“This may seem surprising to some, however I have been promised nothing more and nothing less than a fair and accountable process and productive Senate,” Snelling said on the floor of a packed Senate chamber.

Snelling last year made little effort to veil her contempt for the chaotic scheduling and procedure blamed for casting the body into disarray.

Campbell has apparently convinced her it won’t happen again. More on his victory speech coming soon.

House, Senate getting ready to kick off 2013

This year will feature plenty of contentious debates over things like the budget, health care, renewable energy and drug policy.

But today will be more style than substance as lawmakers settle in for the rituals of the new biennium.

The House chamber is already beginning to fill up in anticipation of the election of Shap Smith to a third term as Speaker of the House. Smith will then deliver a speech to the 150-person body before presiding over the swearing in of new members.

The Senate ceremonies will go down in much the same way, though Senate President John Campbell faces a challenge for pro tem in the form of Republican Diane Snelling.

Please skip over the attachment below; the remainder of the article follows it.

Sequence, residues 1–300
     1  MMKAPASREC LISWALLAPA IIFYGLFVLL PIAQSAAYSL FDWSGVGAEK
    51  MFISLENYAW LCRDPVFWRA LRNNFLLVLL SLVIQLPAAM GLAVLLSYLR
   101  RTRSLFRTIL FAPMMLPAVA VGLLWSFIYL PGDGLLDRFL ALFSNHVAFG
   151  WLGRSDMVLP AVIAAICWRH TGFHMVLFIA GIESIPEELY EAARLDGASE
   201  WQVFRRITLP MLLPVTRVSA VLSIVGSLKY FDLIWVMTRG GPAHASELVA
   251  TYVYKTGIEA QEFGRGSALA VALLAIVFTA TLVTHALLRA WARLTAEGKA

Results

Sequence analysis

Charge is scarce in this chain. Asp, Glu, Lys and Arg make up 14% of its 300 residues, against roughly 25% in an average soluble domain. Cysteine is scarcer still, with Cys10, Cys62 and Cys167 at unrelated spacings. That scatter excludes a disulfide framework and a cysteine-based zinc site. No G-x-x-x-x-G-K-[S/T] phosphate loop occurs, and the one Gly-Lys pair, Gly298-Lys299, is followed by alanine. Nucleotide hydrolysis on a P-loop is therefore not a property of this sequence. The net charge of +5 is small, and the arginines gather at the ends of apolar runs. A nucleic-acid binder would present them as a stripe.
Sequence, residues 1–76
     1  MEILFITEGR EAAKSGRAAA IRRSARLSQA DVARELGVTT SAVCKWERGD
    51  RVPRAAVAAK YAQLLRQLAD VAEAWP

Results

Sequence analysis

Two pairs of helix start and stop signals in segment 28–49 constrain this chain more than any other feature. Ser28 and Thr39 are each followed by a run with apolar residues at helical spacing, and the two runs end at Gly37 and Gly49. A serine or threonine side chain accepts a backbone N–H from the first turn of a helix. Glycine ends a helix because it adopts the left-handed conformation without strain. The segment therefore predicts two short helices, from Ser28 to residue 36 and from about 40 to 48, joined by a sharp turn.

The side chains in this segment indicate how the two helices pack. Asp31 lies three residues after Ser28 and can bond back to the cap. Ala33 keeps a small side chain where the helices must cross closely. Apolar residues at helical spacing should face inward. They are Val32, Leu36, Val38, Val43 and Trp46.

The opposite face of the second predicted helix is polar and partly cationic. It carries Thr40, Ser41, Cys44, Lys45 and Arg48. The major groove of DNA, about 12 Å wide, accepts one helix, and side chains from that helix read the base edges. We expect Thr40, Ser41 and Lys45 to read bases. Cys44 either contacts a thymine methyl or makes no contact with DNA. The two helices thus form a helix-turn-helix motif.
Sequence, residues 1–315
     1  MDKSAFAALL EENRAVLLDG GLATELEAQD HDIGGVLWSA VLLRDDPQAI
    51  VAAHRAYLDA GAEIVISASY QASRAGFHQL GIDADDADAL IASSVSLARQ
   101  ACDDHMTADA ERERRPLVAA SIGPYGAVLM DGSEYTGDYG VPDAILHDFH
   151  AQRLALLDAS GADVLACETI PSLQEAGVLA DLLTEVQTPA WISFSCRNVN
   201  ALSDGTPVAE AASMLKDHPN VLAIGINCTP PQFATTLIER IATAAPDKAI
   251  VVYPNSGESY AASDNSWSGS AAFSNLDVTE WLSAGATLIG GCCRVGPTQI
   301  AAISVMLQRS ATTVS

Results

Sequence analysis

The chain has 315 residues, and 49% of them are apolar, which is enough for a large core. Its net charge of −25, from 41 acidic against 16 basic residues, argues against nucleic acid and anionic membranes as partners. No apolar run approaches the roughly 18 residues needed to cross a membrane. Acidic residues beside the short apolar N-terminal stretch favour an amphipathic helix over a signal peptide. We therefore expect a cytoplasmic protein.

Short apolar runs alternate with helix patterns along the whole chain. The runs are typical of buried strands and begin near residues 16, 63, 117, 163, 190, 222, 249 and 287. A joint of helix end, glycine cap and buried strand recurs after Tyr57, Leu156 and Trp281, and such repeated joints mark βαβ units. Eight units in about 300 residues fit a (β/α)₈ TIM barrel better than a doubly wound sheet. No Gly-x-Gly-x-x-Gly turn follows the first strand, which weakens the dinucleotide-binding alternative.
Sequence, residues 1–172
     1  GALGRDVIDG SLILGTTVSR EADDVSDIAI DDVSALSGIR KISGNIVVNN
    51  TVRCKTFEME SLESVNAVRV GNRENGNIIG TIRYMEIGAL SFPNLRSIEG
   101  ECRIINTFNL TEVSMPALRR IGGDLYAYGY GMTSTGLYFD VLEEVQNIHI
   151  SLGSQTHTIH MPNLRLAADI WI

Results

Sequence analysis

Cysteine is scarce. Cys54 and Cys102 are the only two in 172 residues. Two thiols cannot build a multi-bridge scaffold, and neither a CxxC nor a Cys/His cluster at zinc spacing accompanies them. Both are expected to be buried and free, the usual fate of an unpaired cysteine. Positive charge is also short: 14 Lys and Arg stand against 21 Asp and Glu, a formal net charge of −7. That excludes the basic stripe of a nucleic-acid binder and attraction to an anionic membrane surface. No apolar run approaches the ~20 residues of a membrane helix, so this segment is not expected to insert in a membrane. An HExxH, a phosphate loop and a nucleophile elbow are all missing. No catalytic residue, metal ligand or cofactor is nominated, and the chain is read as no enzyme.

Advocates will try to make an early mark on elected officials. A coalition of environmental groups convened a press conference earlier this morning to seek assurances from lawmakers to improve the quality of Vermont’s waterways. The Vermont Workers Center is holding a rally at 11:30 this morning telling lawmakers to “Put people first.” The group tends to come out in large numbers, and will be seeking a budget geared toward the interests of low- and working-class Vermonters.

A couple unions – 1199SEIU and AFSCME – are on hand today in advance of their legisaltive push to organize about 6,000 home-care workers in the state.